Learn how the World Bank Group is helping countries with COVID-19 (coronavirus). Find Out


Jamaica goes for a new record: champions of home to classroom

May 22, 2014


Sports day at San Martin de Porres Basic School, Gordon Town

World Bank

  • With 99% of children under age six enrolled in school, the country has the highest pre-school enrollment rate in the region

Along with the Olympic records set by Usain Bolt and the successes of Jamaica’s musical geniuses, the country has a record which no other country in the region has yet to beat: practically all pre-school aged children are enrolled in pre-school.

Ninety-nine percent of children under age six are enrolled in “basic” schools, for which reason Jamaica has the highest percentage of pre-school enrolment in Latin America, considerably above the regional average of 73%.

This is a major achievement and a source of national pride, but experts say the challenge now is to transform this accomplishment into a better future for the country’s youngest citizens.

With the high incidence of youth unemployment, crime, violence, adolescent pregnancy and HIV/AIDS, in addition to stagnating economic growth, Caribbean youth face risks for their future in all stages of youth.

Education continues to play an enormous role in preparing young people for life and giving them the skills they need to move forward.  There is solid evidence from studies conducted in Jamaica and other countries of the region that the first 1,000 days of a person’s life  are crucial for developing the skills essential for a better life.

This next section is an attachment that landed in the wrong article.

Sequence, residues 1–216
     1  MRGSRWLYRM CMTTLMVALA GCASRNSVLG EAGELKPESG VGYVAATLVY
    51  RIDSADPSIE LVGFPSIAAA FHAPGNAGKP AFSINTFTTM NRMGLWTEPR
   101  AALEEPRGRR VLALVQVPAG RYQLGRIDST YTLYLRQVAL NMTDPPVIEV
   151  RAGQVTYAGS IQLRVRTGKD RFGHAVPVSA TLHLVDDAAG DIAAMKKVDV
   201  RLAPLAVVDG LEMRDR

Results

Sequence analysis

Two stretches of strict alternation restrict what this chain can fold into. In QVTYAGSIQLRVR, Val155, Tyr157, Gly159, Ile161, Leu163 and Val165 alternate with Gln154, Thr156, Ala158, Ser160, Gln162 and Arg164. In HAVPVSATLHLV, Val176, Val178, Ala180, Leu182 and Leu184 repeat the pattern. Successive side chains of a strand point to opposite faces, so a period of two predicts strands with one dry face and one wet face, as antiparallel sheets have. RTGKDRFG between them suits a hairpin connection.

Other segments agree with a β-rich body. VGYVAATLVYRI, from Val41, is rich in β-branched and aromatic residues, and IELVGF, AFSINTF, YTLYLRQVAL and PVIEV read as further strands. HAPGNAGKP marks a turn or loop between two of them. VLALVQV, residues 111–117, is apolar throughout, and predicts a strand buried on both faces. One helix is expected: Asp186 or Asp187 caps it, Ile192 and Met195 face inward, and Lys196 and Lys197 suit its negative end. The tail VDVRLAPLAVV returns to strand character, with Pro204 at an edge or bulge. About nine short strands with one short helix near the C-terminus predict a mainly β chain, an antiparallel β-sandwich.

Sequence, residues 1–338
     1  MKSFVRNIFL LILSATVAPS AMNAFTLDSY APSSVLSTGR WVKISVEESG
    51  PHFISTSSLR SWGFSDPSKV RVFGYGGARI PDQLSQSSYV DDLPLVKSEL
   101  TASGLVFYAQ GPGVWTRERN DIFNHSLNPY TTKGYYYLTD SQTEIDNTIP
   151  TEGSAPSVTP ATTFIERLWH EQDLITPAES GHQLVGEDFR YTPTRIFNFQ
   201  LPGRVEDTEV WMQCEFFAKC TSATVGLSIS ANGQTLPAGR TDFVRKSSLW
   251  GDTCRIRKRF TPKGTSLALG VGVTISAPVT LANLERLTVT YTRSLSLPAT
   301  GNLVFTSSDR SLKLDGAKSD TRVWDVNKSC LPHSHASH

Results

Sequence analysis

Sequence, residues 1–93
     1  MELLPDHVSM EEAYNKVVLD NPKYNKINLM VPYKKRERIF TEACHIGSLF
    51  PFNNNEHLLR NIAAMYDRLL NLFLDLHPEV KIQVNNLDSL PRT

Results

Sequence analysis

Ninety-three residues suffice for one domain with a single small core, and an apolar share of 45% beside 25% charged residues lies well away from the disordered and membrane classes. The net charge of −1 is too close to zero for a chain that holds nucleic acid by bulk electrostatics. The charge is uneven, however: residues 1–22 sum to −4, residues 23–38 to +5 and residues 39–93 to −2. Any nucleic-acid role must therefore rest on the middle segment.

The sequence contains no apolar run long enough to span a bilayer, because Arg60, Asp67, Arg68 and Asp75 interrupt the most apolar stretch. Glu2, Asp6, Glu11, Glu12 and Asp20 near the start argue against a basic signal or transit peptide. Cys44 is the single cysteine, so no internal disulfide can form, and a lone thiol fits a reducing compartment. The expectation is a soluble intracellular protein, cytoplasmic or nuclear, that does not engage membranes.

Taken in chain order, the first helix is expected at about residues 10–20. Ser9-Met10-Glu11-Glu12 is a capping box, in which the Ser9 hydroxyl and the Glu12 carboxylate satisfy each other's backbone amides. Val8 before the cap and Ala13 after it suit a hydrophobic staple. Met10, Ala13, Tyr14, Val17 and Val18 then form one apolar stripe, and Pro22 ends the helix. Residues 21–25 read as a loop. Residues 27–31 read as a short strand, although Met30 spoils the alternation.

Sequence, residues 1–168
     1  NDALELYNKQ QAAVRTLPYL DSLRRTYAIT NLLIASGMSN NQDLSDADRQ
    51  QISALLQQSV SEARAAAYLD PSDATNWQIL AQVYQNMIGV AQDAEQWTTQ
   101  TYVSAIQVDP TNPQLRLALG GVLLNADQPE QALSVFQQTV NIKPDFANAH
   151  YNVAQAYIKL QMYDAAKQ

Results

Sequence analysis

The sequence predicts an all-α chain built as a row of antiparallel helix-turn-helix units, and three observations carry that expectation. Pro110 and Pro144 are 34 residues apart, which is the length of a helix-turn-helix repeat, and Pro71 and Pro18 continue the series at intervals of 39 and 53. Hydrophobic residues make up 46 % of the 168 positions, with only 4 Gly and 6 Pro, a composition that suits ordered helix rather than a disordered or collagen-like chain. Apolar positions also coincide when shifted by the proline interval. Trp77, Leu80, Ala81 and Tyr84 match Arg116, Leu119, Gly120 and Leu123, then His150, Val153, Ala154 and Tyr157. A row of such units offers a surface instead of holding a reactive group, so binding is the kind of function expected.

Jamaica has accumulated solid quantitative evidence demonstrating that the focus should be on the first years of life, not only in education, but also in other areas.

The National Child Development Strategy is the first of its type in the region. In contrast to other projects, which emphasize only one aspect of development – nutrition, education or health – the Jamaican strategy is comprehensive and follows the progress of children from the first pre-natal consultation until they enter primary school.

To create the best possible environment for children, parents must also be involved in their education, such as occurs at St. Martin de Porres pre-school in Gordon Town on the outskirts of Kingston.

 “I’m the delegate of his class,” says Nasreen Dunchie, whose son attends the school. “I come a few days a week to help the teacher and support [my son] any way I can.”

The initiative has been successful thanks to this monitoring at home. Sharing best practices to stimulate children’s development with all new parents helps to close the development gap before these children enter the school system.

 “Most of the students are successful,” says Joe Perrera, a member of the school council. “When they reach sixth grade, they perform better in school than students from other schools because the advantages they have from the start continue throughout primary school,” he explains.

Education “passport”

To meet this ambitious goal, a document was drafted listing key benchmarks of childhood. In the same way a passport registers the places its owner has visited, the child “passport” tracks the progress and growth of the child in his first years of life.

Today it is generally accepted that this early stage is pivotal for child development. In effect, children learn more quickly before age three than at any other time in their lives, and the skills they develop in childhood establish the foundations for their future development.

Accordingly, there is a clear tendency from Mexico to Argentina to invest in services that promote early childhood development.

Over the past five years, regional enrolment in programs such as Plan Nacer [Argentina], the rural education program in Peru and pre-school education in the Dominican Republic has increased 117%.